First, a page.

Chalk up a win in the seizing opportunity category. On the recommendation of my friend Reed, ambassador extraordinaire to Steamboat Springs, Colorado, I and my new friend Sterling decided to brave the pre-dawn hours and volunteer for the Steamboat Springs Hot Air Balloon Rodeo. We weren't totally sure what that entailed, but we were promised a possible opportunity to go up in a balloon and lots of fun in the fray of balloon deployment on the ground if the ride didn't pan out.
Apparently the first few hours of the day are the best for ballooning, since the efficiency of the balloon is best when the temperature differential is greatest between inside and outside of the balloon. Thus, the ballooners thrust into the sky almost as soon as it begins to get light out, before the sun has a chance to warm the air. After a false start trying to match up with a balloon host whose friends showed up at the last minute, Sterling and I joined up with Gerry and Tom from Albuquerque, who quickly put us to work unfurling the balloon and getting everything lined up for inflation. I was given the task of manning the top rope and trying to keep the balloon steady as it first rises from lying flat on the ground. If it goes up too quickly, it can continue past the vertical position and swing back and forth, which is apparently considered poor form.
As soon as the balloon was inflated, Gerry asked if one of us wanted to get in the balloon. A quick back and forth between Sterling and me ("You go!", "No, you go!") decided that I would have the honor of taking a ride, and I jumped inside the basket. With just a few bursts of propane overhead (I may have lost a few hairs on the top of my head), the balloon rose above the ground and we were on our way. Since it was a rodeo, there were a couple of challenges to maneuver for the crowd, the first of which being a quick dip in the lake next to the launch area. Gerry deftly maneuvered the basket to skim us across the surface of the lake, as we jumped up onto the side of the basket to keep our feet from getting (very) wet.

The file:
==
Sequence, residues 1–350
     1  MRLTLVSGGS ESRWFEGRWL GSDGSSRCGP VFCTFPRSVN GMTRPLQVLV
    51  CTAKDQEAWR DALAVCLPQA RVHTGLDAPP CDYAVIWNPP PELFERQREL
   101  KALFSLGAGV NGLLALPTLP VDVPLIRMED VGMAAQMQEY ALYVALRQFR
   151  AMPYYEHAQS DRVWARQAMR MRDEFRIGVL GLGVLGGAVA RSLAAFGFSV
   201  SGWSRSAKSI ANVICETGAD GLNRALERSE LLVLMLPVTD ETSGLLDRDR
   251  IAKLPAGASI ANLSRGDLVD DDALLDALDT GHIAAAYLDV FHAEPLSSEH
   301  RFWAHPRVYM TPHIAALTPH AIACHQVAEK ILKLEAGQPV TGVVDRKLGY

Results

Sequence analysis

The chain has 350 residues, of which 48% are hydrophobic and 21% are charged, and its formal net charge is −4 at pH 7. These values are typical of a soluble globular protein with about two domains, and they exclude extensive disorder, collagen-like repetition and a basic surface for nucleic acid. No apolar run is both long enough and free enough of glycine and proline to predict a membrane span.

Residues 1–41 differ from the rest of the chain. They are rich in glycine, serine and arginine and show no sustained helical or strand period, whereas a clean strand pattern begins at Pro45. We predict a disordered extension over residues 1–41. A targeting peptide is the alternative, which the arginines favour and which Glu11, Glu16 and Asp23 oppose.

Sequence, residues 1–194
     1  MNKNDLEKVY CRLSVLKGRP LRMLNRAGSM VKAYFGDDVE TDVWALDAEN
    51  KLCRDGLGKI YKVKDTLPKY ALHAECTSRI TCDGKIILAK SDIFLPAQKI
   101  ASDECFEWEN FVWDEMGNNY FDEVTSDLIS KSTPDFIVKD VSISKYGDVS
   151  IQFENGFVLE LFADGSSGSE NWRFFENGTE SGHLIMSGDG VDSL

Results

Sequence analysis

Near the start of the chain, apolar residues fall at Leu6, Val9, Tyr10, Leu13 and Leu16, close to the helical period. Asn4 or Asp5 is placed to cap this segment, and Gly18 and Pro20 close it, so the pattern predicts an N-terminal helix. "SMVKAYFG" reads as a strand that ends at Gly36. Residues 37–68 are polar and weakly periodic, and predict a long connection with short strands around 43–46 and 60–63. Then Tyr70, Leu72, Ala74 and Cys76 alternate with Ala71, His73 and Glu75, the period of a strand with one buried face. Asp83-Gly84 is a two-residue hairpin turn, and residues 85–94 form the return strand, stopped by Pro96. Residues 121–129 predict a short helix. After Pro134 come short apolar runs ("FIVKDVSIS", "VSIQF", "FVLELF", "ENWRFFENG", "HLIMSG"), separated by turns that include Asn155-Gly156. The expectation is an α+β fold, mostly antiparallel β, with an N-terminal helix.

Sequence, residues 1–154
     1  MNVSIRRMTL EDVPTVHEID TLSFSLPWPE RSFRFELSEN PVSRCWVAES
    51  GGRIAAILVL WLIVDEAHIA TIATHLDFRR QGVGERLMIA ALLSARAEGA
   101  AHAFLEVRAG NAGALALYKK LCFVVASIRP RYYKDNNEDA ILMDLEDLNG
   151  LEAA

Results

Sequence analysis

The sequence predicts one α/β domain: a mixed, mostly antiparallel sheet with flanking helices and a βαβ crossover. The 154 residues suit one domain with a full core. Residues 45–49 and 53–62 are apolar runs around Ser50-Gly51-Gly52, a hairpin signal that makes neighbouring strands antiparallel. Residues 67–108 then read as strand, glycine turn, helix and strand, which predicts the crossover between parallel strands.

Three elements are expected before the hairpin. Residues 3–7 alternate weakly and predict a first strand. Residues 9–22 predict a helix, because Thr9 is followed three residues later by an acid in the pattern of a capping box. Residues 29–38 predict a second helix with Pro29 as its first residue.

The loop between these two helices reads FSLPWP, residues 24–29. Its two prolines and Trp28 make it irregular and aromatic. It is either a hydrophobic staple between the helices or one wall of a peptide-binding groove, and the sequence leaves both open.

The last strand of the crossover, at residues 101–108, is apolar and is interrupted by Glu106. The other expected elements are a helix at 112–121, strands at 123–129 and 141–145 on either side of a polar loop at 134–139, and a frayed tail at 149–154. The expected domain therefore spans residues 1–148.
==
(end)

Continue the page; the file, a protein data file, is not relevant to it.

Next he applied more flame to take us up, soaring to about 1200 feet above ground (7800 feet above sea level). The perfect calm as we ascended was unlike any other sort of flying I've experienced, and the 360 degree views were unparalleled. As we drifted toward town, we caught spectacular views of the entire valley. Gerry noted how the air currents were taking other balloons in order to attempt to navigate back to the starting point. We were instructed to look out for power lines and other obstacles as we descended to a first potential landing site, but the site proved too congested and we ascended again, drifting up within arms reach of some trees and within shouting distance of a few surprised onlookers gazing up at us from their patio just below us.
The abortive landing proved fortunate, as we then ascended above the first air current into a column moving in the opposite direction. A few minutes later, we were above the launch site again and planned our descent to take us back to our origin. Gerry expertly maneuvered us back to the landing site, and we rejoined Sterling, Tom, and our other crew members to a champagne toast and breakfast burritos. It being only 9 in the morning, Sterling and I remarked how much we had done so early in the day and plotted a lazy afternoon by the pool.